Soyuz T-6 in June 1982 featured the first guest cosmonaut from the capitalist world. In 1979 the prospect of flying a French citizen into space was discussed during a visit by then French President Viscard d’ Estaing to the USSR. Almost immediately the French Space Agency started a rigorous section process.

Jean-Loup Chrétien was chosen and became the first Frenchman and western European in space. However the La Rochelle native had to undergone rigorous Russian language training at TSPK and flew again as a Research Cosmonaut on Soyuz T-M 7 IN 1988.

Rakesh Sharma became the first Indian in space abroad T-11 in April 1984 following an offer agreed between the Soviet and Indian governments established in 1981. Sharma practised yoga on the mission and spoke to then Indian Prime Minister and prominent Soviet ally Indira Gandhi in a news conference.

Perestroika and Glasnost prominent in the USSR in the mid to late 1980s were also reflected in the Soviet Space programme. Interkosmos in its original format fell into decline as the focus was on financial resources rather than international solidarity. This led to the creation of a new agency called GlavKosmos a kind of ‘Soviet NASA’ to pursue these commercial opportunities.

In 1986 the Mir (‘Peace’) space station was constructed and Muhammad Ahmed Faris from Syria was the first guest cosmonaut to travel there as well as the second Arab in space on TM-3. Faris defected from Bashir Al-Asaad’s regime in 2012 at the height of the Syrian Civil War and after becoming a refugee in Turkey was heavily critical of Russian military involvement in his country.

Abdul Ahad Mohmand became the first Afghan in space as part of the Soyuz TM-6 mission in August 1988 while Toyohiro Akiyama became the first Japanese citizen in December 1990 on TM-11. Akyhima was a journalist who had previously worked for the BBC World Service and was selected as part of a deal between the USSR and his then employer the Tokyo Broadcasting Service.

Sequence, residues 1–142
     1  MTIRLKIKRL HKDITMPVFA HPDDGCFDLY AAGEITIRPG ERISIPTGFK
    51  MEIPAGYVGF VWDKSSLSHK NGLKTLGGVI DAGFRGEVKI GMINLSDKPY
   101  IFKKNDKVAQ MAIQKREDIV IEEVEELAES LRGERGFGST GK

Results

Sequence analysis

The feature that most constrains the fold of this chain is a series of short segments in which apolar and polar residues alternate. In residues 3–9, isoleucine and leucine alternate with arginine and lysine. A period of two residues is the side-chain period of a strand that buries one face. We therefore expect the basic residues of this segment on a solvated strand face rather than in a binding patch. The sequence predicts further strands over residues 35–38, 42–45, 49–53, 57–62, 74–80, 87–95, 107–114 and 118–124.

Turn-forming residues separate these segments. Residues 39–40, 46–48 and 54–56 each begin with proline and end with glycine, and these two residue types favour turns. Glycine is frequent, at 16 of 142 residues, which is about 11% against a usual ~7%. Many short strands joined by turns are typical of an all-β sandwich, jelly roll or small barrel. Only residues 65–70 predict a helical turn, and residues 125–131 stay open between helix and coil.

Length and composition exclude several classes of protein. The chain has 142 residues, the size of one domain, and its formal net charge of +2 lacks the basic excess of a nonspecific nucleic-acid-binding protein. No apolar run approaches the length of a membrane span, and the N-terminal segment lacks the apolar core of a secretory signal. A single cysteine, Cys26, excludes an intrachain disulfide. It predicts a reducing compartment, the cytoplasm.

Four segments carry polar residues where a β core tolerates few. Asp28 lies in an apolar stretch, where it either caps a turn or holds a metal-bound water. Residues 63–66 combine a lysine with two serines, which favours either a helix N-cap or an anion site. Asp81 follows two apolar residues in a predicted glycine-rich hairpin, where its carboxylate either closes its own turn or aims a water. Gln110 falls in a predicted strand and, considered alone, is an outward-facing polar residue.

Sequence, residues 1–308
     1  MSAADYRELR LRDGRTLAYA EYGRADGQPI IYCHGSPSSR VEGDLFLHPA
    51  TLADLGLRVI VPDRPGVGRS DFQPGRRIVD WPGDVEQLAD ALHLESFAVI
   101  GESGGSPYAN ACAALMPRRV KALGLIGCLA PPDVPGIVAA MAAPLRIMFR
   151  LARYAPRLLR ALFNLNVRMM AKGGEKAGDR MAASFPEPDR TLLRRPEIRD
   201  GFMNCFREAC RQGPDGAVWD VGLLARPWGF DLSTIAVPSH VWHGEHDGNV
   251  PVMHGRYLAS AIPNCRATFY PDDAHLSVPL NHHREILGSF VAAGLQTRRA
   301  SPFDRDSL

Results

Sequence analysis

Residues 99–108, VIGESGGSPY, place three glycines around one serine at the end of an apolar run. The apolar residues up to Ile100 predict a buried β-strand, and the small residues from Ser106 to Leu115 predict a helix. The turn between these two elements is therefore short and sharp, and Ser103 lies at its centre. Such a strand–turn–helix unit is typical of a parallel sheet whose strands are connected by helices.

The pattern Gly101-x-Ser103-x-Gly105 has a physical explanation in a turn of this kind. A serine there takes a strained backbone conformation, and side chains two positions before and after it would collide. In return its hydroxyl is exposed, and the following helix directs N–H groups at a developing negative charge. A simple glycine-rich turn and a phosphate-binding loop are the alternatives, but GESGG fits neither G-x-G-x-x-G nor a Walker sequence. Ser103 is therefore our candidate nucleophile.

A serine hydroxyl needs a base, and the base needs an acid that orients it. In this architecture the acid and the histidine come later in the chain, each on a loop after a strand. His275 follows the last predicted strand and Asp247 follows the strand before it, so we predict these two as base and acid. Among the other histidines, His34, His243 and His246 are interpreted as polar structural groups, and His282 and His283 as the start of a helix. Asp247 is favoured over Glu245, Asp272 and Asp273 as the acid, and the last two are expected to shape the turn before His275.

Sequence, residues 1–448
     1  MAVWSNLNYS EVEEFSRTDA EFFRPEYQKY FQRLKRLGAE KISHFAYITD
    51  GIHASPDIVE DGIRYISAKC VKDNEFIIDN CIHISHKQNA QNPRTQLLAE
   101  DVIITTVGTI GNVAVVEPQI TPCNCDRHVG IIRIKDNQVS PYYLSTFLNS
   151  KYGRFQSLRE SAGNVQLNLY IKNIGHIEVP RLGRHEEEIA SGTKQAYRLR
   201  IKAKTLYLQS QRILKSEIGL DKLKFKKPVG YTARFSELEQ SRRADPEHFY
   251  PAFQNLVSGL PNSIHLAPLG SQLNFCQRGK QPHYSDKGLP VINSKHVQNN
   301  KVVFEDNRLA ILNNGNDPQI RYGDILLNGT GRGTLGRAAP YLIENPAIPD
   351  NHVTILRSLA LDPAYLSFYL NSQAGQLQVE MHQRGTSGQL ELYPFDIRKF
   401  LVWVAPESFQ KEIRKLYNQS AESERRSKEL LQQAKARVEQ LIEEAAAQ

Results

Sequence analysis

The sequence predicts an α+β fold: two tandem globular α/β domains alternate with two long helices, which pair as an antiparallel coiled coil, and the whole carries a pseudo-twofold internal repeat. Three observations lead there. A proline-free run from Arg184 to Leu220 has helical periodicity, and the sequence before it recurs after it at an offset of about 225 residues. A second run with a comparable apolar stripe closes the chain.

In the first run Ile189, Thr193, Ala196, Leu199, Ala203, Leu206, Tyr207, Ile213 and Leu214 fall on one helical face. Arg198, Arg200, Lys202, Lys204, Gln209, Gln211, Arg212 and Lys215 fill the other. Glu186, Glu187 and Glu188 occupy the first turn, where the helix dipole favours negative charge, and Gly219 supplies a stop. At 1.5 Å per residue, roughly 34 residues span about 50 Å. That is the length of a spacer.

Helen Sharman became the first British person in space in May 1991 as part of the Soyuz TM-12 mission to Mir. Sharman a Chemistry graduate from Sheffield had been working for Mars as a chemist testing chocolate flavours responded to a competition for the first Briton in space and was chosen ahead of 13,000 other applicants live on ITV in November 1989.

Following the destruction of the Soviet Union, the Russian Space Programme short of funds and public interest fell into decline with an increased reliance on Space Tourism and ‘millionaire cosmonauts’. However arguably despite the dominance of current space exploration in the hands of plutocrats such as Richard Branson and Elon Musk some of the spirit of Interkosmos has been retained through Russian cooperation with NASA, European Space Agency and the International Space Station.

Sean Meleady